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Visualizing virus assembly intermediates inside marine cyanobacteria
Dai, W.; Fu, C.; Raytcheva, D.; Flanagan, J.; Khant, H.; Liu, X.; Rochat, R.H.; Haase-Pettingell, C.; Piret, J.; Ludtke, S.J.; Nagayama, K.; Schmid, M.F.; King, J.A.; Chiu, W. (2013). Visualizing virus assembly intermediates inside marine cyanobacteria. Nature (Lond.) 502(7473): 707-710 + methods annex.
In: Nature: International Weekly Journal of Science. Nature Publishing Group: London. ISSN 0028-0836, more
Peer reviewed article  

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Authors  Top 
  • Dai, W.
  • Fu, C.
  • Raytcheva, D.
  • Flanagan, J.
  • Khant, H.
  • Liu, X.
  • Rochat, R.H.
  • Haase-Pettingell, C.
  • Piret, J.
  • Ludtke, S.J.
  • Nagayama, K.
  • Schmid, M.F.
  • King, J.A.
  • Chiu, W.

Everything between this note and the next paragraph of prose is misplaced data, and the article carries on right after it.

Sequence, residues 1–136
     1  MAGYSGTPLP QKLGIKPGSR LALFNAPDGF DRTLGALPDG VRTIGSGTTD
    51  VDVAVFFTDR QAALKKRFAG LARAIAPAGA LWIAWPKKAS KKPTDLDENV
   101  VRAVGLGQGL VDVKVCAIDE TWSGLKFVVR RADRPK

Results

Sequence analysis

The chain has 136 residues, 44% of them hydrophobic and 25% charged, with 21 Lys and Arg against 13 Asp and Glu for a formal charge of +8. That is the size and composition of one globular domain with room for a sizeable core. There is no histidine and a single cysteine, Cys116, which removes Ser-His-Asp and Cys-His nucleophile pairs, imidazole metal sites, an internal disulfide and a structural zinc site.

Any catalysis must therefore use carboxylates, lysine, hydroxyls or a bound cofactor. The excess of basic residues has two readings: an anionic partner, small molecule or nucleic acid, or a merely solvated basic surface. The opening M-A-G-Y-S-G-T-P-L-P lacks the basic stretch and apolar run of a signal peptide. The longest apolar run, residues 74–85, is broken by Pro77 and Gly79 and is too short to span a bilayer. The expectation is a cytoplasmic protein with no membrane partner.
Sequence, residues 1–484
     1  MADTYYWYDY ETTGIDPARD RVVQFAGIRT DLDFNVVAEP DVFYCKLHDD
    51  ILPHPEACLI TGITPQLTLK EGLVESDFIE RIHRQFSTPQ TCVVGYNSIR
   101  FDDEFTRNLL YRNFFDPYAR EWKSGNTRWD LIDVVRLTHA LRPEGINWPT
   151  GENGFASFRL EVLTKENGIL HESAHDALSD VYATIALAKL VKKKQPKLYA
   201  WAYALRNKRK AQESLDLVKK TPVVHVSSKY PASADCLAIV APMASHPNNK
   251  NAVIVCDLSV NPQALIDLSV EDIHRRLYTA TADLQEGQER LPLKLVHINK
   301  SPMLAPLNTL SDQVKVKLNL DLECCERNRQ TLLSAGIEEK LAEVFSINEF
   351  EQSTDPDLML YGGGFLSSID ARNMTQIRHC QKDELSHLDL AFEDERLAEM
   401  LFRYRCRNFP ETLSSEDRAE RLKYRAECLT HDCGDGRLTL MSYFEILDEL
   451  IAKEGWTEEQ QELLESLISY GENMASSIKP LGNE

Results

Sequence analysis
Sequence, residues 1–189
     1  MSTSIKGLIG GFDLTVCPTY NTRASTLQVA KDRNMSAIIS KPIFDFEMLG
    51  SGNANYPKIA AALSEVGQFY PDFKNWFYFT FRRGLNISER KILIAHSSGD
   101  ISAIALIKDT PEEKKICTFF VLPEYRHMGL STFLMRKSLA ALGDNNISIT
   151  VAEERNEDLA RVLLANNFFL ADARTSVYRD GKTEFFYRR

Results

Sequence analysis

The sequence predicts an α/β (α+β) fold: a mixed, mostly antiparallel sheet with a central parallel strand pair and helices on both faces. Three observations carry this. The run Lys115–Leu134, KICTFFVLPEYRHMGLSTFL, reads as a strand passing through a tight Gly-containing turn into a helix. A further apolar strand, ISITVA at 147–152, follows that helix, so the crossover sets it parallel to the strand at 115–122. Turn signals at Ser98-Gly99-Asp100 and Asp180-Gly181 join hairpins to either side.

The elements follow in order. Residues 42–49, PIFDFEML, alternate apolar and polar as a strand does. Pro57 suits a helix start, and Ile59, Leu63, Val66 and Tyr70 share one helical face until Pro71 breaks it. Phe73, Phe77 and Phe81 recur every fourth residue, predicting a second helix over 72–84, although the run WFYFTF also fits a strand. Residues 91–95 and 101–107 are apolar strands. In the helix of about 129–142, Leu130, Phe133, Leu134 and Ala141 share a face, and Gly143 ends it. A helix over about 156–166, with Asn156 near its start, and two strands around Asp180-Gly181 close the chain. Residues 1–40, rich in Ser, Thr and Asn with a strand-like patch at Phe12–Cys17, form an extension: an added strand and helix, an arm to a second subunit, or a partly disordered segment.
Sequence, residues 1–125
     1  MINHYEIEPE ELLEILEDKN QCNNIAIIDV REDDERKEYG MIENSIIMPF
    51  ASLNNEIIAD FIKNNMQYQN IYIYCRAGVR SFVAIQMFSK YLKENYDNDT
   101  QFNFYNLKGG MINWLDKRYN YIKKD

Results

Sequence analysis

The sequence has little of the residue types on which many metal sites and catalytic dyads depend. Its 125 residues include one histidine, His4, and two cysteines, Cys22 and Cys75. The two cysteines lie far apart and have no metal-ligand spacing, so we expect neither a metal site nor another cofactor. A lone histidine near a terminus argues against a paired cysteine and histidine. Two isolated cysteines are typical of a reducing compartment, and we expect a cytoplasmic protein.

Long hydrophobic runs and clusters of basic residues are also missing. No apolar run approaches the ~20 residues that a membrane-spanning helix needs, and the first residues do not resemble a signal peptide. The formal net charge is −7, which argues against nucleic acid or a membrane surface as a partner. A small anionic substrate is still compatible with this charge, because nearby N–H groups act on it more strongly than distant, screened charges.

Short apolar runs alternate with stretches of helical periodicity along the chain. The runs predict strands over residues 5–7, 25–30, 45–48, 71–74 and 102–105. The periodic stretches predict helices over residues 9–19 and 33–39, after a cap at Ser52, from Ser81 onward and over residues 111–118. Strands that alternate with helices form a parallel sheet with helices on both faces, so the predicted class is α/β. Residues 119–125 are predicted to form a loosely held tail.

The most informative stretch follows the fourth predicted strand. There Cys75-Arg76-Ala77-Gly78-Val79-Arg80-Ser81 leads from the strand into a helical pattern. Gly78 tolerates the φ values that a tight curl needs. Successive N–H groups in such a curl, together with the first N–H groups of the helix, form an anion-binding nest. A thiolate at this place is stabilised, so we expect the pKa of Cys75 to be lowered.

Cyanobacteria are photosynthetic organisms responsible for ~25% of organic carbon fixation on the Earth. These bacteria began to convert solar energy and carbon dioxide into bioenergy and oxygen more than two billion years ago. Cyanophages, which infect these bacteria, have an important role in regulating the marine ecosystem by controlling cyanobacteria community organization and mediating lateral gene transfer. Here we visualize the maturation process of cyanophage Syn5 inside its host cell, Synechococcus, using Zernike phase contrast electron cryo-tomography (cryoET). This imaging modality yields dramatic enhancement of image contrast over conventional cryoET and thus facilitates the direct identification of subcellular components, including thylakoid membranes, carboxysomes and polyribosomes, as well as phages, inside the congested cytosol of the infected cell. By correlating the structural features and relative abundance of viral progeny within cells at different stages of infection, we identify distinct Syn5 assembly intermediates. Our results indicate that the procapsid releases scaffolding proteins and expands its volume at an early stage of genome packaging. Later in the assembly process, we detected full particles with a tail either with or without an additional horn. The morphogenetic pathway we describe here is highly conserved and was probably established long before that of double-stranded DNA viruses infecting more complex organisms.

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